The Psychology of Sex
- For you, can sex be separated from love?
Yes. Absolutely. Sex within the context of a loving relationship can add an extra layer of intimacy and feeling to it, but at the end of the day, sex and desire are simply physical responses. Combining them can be fantastic, but it is not essential. I haven’t had sex with everyone I have loved and neither have I loved everyone I have had sex with
- Can sex be separated from caring?
Again, yes it can. I’m fairly certain that people who commit sexual assault do not care about their victims.
- Does sex seem to be something that you can never get enough of and are constantly seeking or thinking about?
No. Well, I’ll caveat that. Maybe not so much in my 40s as I did in my late teens and 20s. It’s not something I give much conscious thought to at all, and I’m happy with the amount I get. That’s not to say I wouldn’t gladly have more, but it’s not something I lose sleep over (apart from when I’m actually “losing sleep” doing it).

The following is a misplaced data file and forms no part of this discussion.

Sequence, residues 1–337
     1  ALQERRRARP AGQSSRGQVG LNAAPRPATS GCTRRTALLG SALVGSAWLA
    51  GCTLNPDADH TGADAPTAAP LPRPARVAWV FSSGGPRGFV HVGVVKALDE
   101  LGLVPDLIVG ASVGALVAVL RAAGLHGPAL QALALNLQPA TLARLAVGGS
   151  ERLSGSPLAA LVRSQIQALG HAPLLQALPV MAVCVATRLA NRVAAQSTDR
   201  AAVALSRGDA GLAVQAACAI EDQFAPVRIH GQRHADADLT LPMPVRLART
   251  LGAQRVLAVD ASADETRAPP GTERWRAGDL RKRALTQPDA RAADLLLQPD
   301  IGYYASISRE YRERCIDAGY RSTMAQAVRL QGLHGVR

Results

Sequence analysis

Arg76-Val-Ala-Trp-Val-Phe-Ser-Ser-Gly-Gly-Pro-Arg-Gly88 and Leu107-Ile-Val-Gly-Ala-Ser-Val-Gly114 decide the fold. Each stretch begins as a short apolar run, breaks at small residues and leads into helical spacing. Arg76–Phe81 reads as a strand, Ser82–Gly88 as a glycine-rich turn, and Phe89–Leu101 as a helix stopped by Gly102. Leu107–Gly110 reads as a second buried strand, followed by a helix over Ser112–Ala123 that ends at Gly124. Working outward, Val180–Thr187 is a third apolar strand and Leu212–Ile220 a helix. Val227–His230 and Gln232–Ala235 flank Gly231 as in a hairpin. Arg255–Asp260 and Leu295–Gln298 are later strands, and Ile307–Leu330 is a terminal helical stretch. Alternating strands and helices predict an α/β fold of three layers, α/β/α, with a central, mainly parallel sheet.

- Is sex secondary to intimacy, physical closeness, and commitment?
I’d say Yes and No. Sex is just one form of intimacy, along with physical intimacy, emotional intimacy, intellectual intimacy, etc. To have a rounded relationship, you need to be intimate on all levels. In the context of “a relationship” it’s maybe not so much a case of primary/secondary as being part of the overall mix that will wax and wane in importance depending on circumstance. In a purely sexual encounter, the other forms of intimacy probably don’t even enter into the equation.
- Who is more discriminating in choosing sexual partners–you or your significant other?
Since we chose each other, we’re probably as good/bad at discriminating as each other. You could argue that my taste in women is impeccable whereas her taste in men is bloody awful…